Forum for Science, Industry and Business

Sponsored by:     3M 
Search our Site:

 

Blushing dusty nebula

02.12.2009
A recent NASA/ESA Hubble Space Telescope image of part of NGC 7023, or the Iris Nebula, highlights a perfect dust laboratory in the sky.

On Earth, we tend to find dust nothing more than a nuisance that blankets our furniture and causes us to sneeze. Cosmic dust can also be a hindrance to astronomers because cameras using visible light cannot see through it. However, studying cosmic dust in detail helps astronomers to pin down the ingredients of the raw mixture that eventually gives birth to stars.

This close-up of an area in the northwest region of the large Iris Nebula seems to be clogged with cosmic dust. With bright light from the nearby star HD 200775 [1] illuminating it from above, the dust resembles thick mounds of billowing cotton. It is actually made up of tiny particles of solid matter, with sizes from ten to a hundred times smaller than those of the dust grains we find at home [2]. Both background and foreground stars are dotted throughout the image.

NGC 7023 is a reflection nebula, which means it scatters light from a massive nearby star, in this case, HD 200775. Reflection nebulae are different from emission nebulae, which are clouds of gas that are hot enough to emit light themselves. Reflection nebulae tend to appear blue because of the way light scatters, but parts of the Iris Nebula appear unusually red.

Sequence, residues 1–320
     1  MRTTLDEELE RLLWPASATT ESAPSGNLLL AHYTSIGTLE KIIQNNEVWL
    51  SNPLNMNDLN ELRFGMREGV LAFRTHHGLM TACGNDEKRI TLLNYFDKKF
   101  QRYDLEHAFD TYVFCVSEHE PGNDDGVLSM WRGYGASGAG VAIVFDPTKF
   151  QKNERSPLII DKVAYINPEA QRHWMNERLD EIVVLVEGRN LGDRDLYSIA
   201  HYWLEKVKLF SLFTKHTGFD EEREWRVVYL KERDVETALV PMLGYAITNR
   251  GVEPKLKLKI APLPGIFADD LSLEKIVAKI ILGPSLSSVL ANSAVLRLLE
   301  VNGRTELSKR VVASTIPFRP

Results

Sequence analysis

Researchers studying the object are particularly interested in the region to the left and slightly above centre in the image, where they find dusty filaments to be redder than expected. An unknown chemical compound, most likely based on hydrocarbons, is responsible for the red tinge. The high resolution and sensitivity of Hubble’s instruments allow astronomers to study the area in detail. Images and spectra are only part of the analysis. On Earth, scientists are performing additional laboratory tests to assess better the exact chemical composition of the nebula.

NGC 7023 was discovered by Sir William Herschel in 1794; the nebula is in the constellation of Cepheus, the King, in the northern sky. NGC 7023 is approximately 1400 light–years from Earth and about six light-years across. This aethereal image was taken by Hubble's Advanced Camera for Surveys. Astronomers also used Hubble’s Near Infrared Camera and Multi-Object Spectrometer (NICMOS) instrument to try to determine which chemical elements are present in the nebula.

Notes for editors:

North is down, East is right. The field of view is 3.3 arcminutes. The image is a composite of four images obtained through blue, green, near-infrared and H-alpha filters.

[1] HD 200775 is about ten times the mass of the Sun.

[2] The typical sizes of cosmic dust grains range between a few hundredths of a micron and several microns.

The Hubble Space Telescope is a project of international cooperation between ESA and NASA.

Image credit: NASA & ESA

These observations were obtained by a team led by Karl Gordon from the Space Telescope Science Institute in Baltimore, Maryland, USA.

Contacts:

Colleen Sharkey
Hubble/ESA, Garching, Germany
Tel: +49 89 3200 6306
Cell: +49 151 153 73591
E-mail: csharkey@eso.org

Colleen Sharkey | EurekAlert!
Further information:
http://www.eso.org
http://www.spacetelescope.org/news/html/heic0915.html

More articles from Physics and Astronomy:

nachricht Basque researchers turn light upside down